New Charge Point

A new NARVA 81144BL Twin Accessory/Dual USB sockets in now on the wall next to the cooktop. This proves to be a very usable place for this, out of the way but very handy. They are wired in parallel with the sockets under the sink on circuit labelled "AS2". The blue LED in the USB socket is annoying at night and a waste of power. Using a 1 mm dia. drill, I drilled about 2 mm deep into the socket body just behind the flange. This successfully killed the LED.

Touch Screen Power Down


The switch in bottom left postion controls power to the touch screen.

In standby mode, with no appliances and lights running the biggest power consumer is the touch screen, even in sleep mode, at over 300 mA. To reduce the consumption to something below 100 mA (the resolution of the system monitor) I have added a switch to the panel of circuit breakers under the touch screen. This switch cuts the power to the touch screen circuit F12 fuse. Circuits for F13, F14 are also for the touch screen, but they consume very little power.

Courtesy of TravelTrucks this is the fuse identification chart:


N.B. If the vehicle ignition is turned on and the handbrake released, the fault alarm for the camper will sound if the touch screen power has been turned off!

Solar Shields

To block out the sun during the day, and for privacy at night, we have a set of solar shields from Top Gear 2 Go. These do not use suction cups. The shields for the door windows are held in place with magnets and the windscreen shield is actually in two overlapping pieces and held in place by the sun visors. They are custom made for the Daily and work very well.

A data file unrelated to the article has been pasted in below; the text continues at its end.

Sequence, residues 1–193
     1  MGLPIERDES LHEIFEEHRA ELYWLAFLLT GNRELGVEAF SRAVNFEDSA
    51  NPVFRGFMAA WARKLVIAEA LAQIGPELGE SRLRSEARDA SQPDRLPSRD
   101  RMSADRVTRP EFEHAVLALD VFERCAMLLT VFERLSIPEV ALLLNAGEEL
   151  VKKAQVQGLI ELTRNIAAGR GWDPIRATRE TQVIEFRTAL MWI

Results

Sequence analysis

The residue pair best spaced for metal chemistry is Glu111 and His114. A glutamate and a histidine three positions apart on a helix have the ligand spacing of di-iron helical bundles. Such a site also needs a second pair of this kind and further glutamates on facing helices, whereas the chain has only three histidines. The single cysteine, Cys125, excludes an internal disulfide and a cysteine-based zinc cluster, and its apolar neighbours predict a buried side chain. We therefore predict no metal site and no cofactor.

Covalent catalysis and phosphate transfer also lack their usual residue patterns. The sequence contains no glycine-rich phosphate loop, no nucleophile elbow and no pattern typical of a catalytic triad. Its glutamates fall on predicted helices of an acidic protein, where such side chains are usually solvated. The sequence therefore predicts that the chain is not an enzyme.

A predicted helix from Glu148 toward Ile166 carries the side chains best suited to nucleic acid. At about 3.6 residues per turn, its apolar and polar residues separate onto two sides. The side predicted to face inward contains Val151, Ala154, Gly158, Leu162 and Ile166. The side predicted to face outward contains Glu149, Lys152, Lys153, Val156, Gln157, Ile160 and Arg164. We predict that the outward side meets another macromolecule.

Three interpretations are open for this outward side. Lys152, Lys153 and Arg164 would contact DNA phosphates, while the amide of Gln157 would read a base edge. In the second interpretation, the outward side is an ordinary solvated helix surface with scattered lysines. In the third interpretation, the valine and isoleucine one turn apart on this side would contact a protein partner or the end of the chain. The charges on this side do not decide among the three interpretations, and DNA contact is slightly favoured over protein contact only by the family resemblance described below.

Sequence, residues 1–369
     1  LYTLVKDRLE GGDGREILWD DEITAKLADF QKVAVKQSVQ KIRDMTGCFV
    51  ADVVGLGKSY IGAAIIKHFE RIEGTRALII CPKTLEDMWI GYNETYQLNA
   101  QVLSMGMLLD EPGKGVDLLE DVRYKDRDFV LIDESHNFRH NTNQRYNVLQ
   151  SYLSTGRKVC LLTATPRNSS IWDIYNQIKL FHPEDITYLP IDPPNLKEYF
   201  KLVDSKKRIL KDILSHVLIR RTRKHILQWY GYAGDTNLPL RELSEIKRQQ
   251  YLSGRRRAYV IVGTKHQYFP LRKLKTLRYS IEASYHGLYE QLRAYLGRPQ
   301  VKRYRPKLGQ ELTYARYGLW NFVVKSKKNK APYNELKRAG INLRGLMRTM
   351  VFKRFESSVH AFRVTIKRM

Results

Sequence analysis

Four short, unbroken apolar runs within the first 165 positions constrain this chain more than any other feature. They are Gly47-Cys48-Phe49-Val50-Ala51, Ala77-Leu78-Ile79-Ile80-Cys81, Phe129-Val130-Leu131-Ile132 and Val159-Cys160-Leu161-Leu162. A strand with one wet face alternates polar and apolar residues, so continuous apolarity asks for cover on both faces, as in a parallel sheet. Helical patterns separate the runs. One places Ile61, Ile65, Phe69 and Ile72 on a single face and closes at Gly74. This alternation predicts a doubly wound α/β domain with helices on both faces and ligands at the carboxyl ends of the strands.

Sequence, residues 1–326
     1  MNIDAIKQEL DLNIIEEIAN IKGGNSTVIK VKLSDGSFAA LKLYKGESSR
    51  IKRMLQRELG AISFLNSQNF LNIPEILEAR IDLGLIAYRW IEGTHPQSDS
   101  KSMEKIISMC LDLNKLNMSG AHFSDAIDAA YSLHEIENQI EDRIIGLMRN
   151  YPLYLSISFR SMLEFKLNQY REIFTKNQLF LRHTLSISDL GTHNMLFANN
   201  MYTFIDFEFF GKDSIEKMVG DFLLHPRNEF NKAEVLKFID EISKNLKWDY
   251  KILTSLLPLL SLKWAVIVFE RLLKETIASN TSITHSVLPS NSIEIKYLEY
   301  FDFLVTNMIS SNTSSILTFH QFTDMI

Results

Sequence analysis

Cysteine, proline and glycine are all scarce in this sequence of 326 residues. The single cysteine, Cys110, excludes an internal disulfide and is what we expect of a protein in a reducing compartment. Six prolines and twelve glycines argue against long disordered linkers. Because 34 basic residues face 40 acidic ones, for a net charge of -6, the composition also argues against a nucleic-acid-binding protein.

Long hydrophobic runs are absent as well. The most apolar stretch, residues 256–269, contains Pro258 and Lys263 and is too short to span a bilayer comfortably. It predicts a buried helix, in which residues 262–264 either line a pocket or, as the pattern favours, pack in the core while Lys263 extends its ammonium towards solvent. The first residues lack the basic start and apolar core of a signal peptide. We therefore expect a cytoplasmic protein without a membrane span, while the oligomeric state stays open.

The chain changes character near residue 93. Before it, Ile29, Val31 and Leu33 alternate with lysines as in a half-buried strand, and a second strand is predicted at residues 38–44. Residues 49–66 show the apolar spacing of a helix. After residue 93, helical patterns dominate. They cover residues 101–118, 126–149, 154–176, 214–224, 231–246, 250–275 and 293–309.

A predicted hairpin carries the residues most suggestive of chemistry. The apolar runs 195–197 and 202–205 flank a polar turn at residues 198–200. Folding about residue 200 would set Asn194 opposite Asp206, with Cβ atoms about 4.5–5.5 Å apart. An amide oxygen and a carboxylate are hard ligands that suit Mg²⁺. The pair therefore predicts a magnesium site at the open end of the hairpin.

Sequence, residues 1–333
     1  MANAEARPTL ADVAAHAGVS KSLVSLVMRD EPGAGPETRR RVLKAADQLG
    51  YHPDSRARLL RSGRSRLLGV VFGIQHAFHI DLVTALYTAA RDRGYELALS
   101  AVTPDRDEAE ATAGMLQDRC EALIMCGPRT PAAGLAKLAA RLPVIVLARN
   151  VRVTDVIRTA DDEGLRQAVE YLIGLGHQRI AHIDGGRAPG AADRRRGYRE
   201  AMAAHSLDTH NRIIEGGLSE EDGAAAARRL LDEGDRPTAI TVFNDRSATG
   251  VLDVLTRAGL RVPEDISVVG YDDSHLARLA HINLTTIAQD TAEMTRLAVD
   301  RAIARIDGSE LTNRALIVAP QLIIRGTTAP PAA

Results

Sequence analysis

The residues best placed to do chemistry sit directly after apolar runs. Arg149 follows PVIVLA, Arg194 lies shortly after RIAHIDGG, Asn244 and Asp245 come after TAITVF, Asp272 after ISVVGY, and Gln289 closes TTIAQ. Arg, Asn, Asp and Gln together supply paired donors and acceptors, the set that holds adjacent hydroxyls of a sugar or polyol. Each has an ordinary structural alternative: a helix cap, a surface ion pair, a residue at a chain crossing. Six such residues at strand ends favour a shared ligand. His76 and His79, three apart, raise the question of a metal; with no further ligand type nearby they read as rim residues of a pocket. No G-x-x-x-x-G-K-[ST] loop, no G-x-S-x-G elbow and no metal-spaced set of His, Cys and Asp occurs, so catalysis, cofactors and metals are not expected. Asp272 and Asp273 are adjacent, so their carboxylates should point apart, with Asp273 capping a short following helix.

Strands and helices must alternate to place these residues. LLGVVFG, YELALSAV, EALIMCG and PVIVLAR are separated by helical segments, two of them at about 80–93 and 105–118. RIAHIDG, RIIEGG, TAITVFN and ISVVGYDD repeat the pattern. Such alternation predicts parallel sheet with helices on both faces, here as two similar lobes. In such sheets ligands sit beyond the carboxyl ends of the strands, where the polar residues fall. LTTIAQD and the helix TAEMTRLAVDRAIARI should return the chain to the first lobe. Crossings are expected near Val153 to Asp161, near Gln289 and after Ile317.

The table is mounted on a Lagun pedestal, allowing it to be set in many positions. However, its stowage position, over the left seat, was too close to the screen door. Relocate the mounting plate under the table by moving it 38 mm to the side that it was already offset.


Table as supplied.


Mounting plate moved.


Table now relocated.

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On rough "roads" with lots of swaying, the table often moved around — the Lagun clamps cannot be done up tight enough to stop this. With enough movement, without the restraint of the table the seat back and even the squab, ended up on the floor. We are now in the habit of clipping a webbing strap over the table to keep it in position. A 50 mm webbing saddle from Whitworths Marine screwed to the front wall of the module restrains the strap.

Sink Board


A 300 x 450 mm polyethylene cutting board from Chef's Hat was cut to size and a rebate routed around the edge so that the board is a good fit in the sink. This then gives a platform for meal preparation and for "things" at other times. It has proven to be very successful.